There are a number of collagen capsules available on the natural remedy market - vendors claims for these products variously include everything from better joint health to younger looking skin, and even a better sex life. There is no question that collagen is an important constituent of cells and tissues, and it is clear that collagen begins to break down and decrease as we age. The scientific backup for many of the claims made for ingesting collagen, however, is not particularly strong.
A typical collagen supplement contains collagen obtained from chickens. Collagen is a protein, or rather a group of related proteins abundant in the connective tissues of the body (bone, ligament, skin, cartilage etc. ). In animals, these proteins are produced by cells called fibroblasts. Collagen fibers are very strong - they contribute to the great strength of bone and tendon, and the structure of organs, including the skin. Collagen in the body is continually reproduced, but the reproduction process slows down as we age, a loss most noticeable in the skin, which becomes thin and wrinkled. This slow progressive loss of collagen has inspired the idea of replacing it with collagen capsules.
The best evidence for anti aging properties of collagen supplementation lies in its potential to protect joints. Type II collagen has been extensively studied in patients with rheumatoid arthritis and found to be very beneficial to some people. It is not a simple matter of the protein being transported from the collagen capsules to the joint tissue, however. Rather, in cases of rheumatoid arthritis, it's thought that the body breaks down collagen in the joints in an abnormal process of immunity: placing the collagen supplement in the gastrointestinal tract may somehow make the protein more familiar to the body's immune system and discourage the joint damage. Therapeutic collagen treatment for rheumatoid arthritis should always be guided by a medical professional as there is evidence that too much ingested collagen can have the opposite effect.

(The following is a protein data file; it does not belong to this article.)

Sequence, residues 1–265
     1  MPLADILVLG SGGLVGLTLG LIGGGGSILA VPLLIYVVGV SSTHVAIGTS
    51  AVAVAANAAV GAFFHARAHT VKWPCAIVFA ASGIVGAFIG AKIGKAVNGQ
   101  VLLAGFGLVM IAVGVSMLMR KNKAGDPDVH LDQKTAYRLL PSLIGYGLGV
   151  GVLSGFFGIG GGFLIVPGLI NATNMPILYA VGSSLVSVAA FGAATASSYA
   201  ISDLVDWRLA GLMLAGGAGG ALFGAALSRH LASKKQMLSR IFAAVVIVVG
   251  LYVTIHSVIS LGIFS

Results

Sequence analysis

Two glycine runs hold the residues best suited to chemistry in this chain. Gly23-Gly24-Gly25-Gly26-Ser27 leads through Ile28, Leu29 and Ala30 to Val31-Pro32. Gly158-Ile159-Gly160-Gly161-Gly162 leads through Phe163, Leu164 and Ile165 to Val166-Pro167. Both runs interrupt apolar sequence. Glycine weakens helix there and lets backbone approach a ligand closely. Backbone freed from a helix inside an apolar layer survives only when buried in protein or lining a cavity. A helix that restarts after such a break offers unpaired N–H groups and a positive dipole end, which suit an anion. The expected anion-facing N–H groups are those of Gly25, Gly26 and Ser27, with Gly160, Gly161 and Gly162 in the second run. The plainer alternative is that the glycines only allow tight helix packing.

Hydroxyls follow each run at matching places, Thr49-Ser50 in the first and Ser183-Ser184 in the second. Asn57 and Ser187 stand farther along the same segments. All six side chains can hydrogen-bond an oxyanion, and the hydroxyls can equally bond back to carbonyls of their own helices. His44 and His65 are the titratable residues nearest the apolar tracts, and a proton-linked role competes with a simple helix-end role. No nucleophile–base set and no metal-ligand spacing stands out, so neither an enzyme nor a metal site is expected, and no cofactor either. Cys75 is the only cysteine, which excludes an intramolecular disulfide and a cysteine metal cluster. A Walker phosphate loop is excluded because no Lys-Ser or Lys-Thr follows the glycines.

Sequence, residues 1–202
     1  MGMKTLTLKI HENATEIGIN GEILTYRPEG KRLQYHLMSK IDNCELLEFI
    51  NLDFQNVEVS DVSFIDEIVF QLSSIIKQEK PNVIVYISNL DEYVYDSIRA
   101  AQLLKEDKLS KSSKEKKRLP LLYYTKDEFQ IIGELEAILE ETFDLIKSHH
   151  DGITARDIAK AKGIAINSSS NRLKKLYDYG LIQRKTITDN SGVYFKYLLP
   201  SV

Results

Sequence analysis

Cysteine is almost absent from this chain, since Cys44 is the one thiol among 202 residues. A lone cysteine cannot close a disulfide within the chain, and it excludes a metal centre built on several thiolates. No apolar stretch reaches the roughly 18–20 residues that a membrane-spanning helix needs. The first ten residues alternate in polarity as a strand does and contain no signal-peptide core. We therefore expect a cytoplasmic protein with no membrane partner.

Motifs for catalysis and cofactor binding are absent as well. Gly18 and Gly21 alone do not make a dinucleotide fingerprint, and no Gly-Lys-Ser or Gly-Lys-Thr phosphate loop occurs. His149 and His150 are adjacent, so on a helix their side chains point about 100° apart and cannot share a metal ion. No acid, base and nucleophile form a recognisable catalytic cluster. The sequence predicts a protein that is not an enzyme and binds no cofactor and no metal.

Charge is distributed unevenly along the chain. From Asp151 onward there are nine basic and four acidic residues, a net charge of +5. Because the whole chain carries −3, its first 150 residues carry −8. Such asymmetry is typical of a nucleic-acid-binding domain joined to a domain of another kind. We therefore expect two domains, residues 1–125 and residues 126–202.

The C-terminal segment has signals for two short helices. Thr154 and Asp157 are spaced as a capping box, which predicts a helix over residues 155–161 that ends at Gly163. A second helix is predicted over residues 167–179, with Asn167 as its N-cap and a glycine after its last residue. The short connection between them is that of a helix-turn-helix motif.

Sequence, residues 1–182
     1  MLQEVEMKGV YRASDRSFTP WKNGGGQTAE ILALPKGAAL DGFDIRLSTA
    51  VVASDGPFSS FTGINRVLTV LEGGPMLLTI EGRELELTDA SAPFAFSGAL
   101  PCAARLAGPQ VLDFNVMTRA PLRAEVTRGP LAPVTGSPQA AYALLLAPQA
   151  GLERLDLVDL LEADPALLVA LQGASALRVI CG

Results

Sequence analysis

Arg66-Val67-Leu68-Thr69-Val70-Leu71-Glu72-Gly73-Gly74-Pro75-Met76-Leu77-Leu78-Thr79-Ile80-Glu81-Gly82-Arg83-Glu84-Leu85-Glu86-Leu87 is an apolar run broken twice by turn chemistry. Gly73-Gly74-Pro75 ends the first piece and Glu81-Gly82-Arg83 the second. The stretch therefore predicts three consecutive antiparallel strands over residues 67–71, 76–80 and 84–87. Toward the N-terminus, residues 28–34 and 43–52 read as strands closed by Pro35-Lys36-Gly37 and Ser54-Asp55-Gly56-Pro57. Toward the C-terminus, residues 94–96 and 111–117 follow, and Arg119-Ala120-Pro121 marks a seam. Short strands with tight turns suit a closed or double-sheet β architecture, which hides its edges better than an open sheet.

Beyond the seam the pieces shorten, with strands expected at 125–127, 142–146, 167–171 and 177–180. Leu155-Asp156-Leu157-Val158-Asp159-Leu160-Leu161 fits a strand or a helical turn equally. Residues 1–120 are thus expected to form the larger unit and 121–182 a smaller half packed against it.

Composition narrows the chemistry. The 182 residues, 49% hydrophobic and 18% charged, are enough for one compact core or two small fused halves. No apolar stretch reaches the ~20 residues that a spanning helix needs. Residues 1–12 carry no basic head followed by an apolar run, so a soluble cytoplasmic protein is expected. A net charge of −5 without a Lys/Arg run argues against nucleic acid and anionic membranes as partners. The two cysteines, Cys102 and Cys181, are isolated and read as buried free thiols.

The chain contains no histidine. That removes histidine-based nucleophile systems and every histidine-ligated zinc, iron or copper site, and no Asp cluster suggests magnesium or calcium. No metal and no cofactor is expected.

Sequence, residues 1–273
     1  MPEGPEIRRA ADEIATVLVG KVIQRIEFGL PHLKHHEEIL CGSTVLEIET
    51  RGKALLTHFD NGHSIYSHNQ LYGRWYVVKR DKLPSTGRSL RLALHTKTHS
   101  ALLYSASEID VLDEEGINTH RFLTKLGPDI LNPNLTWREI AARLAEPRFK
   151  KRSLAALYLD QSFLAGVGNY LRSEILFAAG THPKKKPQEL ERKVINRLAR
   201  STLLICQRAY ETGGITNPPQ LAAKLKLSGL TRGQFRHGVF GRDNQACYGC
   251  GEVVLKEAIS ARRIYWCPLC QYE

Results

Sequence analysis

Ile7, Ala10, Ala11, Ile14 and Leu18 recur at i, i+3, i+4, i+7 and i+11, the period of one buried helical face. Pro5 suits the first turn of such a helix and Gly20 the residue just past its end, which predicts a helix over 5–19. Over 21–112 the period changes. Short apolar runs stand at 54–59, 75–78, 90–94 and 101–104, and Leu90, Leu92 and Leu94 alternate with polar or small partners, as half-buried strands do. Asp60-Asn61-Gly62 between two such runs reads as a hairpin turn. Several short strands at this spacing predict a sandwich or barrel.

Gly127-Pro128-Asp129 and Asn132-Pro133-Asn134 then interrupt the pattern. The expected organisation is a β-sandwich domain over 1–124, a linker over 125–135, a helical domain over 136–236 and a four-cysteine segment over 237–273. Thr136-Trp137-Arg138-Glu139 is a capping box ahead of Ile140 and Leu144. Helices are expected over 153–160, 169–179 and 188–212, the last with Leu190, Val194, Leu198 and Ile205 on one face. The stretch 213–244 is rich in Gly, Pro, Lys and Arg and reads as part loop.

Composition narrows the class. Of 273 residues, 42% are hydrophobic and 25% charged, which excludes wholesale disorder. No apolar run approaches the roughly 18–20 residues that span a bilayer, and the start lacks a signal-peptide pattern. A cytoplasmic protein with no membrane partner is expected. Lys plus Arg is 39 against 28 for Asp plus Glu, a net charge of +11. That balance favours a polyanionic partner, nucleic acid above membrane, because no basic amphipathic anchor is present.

Collagen capsules contain collagen - a protein. When we ingest protein, the metabolic process of digestion breaks it down to smaller parts and the body uses those parts to build and maintain various tissues. Thus, when we take a collagen supplement, the body does not move the collagen as it is to the skin to replace collagen there. New collagen has to be built by the fibroblasts in the skin. It makes sense that ingesting collagen will provide essential building blocks for the production of new collagen, and it is unlikely to do you any harm; however, a healthy diet containing all the essential nutrients combined with an active lifestyle will provide not only the building blocks for collagen, but also the basis of a healthy body with vital fibroblasts to do the work.
Ultimately, the consumer must be the judge. Taking collagen capsules may indeed provide valuable nutrition, particularly if the diet is not all that it could be. In the individual that already has an adequate diet and healthy lifestyle, however, there will likely be no added benefit from a collagen supplement. Whether the decision is to supplement or not, it's important to get plenty of Vitamin C - this vitamin is essential to the production and maintenance of healthy tissue collagen.
R. Drysdale is a freelance writer with more than 25 years experience as a health care professional. You can learn more about collagen capsules on the AntiAging Information site.